Getting back to a campaign promise delayed by COVID-19, the provincial government is accepting public input in a process to choose a model for an elected school board.
“I think it’s really important because schools are hubs of the community. We need to make sure communities have a voice,” PEI’s Education Minister, Brad Trivers, said.
Government is considering a hybrid model of elected and appointed board members. This could address issues with the previous elected model.
The last elected English School Board was chosen in 2008 when the Island had three school boards: Eastern, Western and the French Language Board.
At that time, every three years, Islanders had the opportunity to vote for a candidate to represent their school zone.
There were 11 zones in the eastern district, nine in the western district and the French Language School Board had their own electoral system. The French board hasn’t stopped its electoral process.
Brian Deveau of Souris was one of the last elected board members to represent zone 4 in eastern PEI when it was dissolved.
As conversations and decisions about closing 11 schools became heated and eventually nine schools closed due to dwindling enrollment, the Eastern School Board grew less and less functional. Decisions on a variety of important policies, such as rezoning schools stalled.
“It wasn’t working,” said Mr Deveau who saw representatives fighting tooth and nail to protect specific interests of their zone at the expense of what might be best for a larger school system picture.
Mr Deveau said some members didn’t have the experience or qualifications that would lend well to effective policy or progressive visions of education for Island students.
“You might be popular or respected in the community but not know what’s best for the education system and students and teachers,” he said.
In 2012 the majority Liberal government passed legislation authorizing the Minister of Education to dismiss school board members.
After offering the board some time to prove they could become functional and move forward with making important decisions, then Education Minister Doug Currie dismissed the entire board.
In its place Mr Currie appointed three people to take on the duties of the board.
Since then, boards of the Eastern and Western School Districts, which eventually merged into the Island-wide Public Schools Branch, have been appointed by the government.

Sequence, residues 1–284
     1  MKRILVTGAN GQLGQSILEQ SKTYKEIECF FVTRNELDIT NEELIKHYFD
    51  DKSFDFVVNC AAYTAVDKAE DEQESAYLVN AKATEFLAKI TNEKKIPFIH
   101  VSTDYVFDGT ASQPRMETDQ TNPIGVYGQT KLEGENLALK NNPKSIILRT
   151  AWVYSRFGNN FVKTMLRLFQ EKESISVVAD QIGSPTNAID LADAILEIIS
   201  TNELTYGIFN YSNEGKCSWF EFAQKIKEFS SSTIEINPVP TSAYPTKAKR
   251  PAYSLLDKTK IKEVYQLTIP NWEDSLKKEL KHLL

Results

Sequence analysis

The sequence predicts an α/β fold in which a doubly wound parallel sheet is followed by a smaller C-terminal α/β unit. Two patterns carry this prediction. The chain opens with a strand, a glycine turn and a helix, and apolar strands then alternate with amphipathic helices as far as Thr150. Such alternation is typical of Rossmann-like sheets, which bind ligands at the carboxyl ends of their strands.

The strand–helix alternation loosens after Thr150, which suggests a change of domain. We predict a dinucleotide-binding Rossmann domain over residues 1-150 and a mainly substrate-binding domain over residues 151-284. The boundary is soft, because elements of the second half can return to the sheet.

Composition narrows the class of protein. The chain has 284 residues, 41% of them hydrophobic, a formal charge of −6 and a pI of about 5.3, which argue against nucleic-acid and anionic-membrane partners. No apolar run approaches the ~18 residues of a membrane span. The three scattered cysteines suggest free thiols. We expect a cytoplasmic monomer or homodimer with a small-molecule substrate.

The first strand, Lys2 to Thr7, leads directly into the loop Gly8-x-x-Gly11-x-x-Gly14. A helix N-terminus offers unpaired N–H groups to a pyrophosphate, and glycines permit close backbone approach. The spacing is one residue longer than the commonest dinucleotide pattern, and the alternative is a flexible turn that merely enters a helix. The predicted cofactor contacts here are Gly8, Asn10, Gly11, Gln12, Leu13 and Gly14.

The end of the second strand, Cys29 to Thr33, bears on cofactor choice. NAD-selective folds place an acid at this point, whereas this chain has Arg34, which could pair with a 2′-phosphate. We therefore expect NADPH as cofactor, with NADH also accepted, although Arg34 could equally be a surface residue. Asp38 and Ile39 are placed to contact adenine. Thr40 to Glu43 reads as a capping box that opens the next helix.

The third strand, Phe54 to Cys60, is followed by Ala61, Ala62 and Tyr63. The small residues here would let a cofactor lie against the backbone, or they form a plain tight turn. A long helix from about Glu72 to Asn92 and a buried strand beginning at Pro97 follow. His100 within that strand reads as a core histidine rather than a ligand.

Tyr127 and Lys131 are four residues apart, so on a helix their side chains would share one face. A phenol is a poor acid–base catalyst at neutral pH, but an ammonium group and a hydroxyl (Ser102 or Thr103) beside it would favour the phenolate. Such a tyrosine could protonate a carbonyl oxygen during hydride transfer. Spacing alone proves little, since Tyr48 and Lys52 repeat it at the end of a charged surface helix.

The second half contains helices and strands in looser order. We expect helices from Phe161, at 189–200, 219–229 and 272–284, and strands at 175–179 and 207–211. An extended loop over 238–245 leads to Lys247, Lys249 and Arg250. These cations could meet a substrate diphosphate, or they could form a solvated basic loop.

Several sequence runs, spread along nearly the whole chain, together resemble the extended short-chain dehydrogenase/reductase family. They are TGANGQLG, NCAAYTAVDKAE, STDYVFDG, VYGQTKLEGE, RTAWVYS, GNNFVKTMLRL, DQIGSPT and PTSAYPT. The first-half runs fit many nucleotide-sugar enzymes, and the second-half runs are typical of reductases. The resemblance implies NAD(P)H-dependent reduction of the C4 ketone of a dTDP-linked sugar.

Mr Deveau doesn’t particularly like the idea of the minister or government of the day appointing board members because this could lessen an opportunity for back-and-forth accountability between the government and the board.
Mr Deveau suspects an elected board could allow for past flaws to come roaring back.
“It might be a better idea, as long as it’s done by an independent board or group, to appoint people with experience and knowledge that can lead the school board down the road,” he said.
Mr Trivers said the topics Mr Deveau touched on are challenges that will have to be faced while stakeholders, Islanders, and the government decide the composition of an elected board.
In consulting with the Home and School Federation and the PEI Teachers’ Federation, Mr Trivers said the concept of a hybrid model surfaced.
In this type of model, Mr Trivers said, communities could elect a representative for each Family of Schools while other board positions could be appointed by stakeholder groups like the PEI Teachers’
“I think that’s a really good concept and it’s something we’re going to consult about and see what everybody thinks,” Mr Trivers said.
Heather Mullen of Mount Stewart, president of the Home and School Federation, said she very much supports moving back to including elected members on the board.
She also agrees, a hybrid model might work best.
“It’s important perhaps to have appointed seats on the board to represent voices we don’t often hear at Home and School or when you get into elections,” she said.
“How do you have the newcomers of PEI and the needs of those students represented? How do you have the Mi’kmaq community represented on the school board?”
A hybrid model of sorts could be the solution.
Voter turnout is another challenge Mr Trivers hopes to work through.
In the last school board election, seven of nine representatives in the Western School District were declared by acclamation as were five of 11 in the Eastern School District. No more than 540 people voted in any particular zone and some competitive zones saw voter turnout to be just over 200.
Mr Trivers said some ideas under consideration to increase voter turnout include online voting, voting locations in schools and holding elections in line with the provincial election.
Elections PEI has not confirmed how, or if, all these methods would be possible or pragmatic but Mr Trivers says if these are options Islanders want, he expects the options can be sorted out.
Islanders are invited to fill out a survey and take advantage of other opportunities to consult about model options and ways to increase voter turnout until March 11.
With that information Mr Trivers and his team will draft legislation, consult further with stakeholders about amendments then bring an act to the floor of the legislature hopefully by spring 2022.
The survey can be found on the province’s website.
Rachel Collier, Local Journalism Initiative Reporter, The Eastern Graphic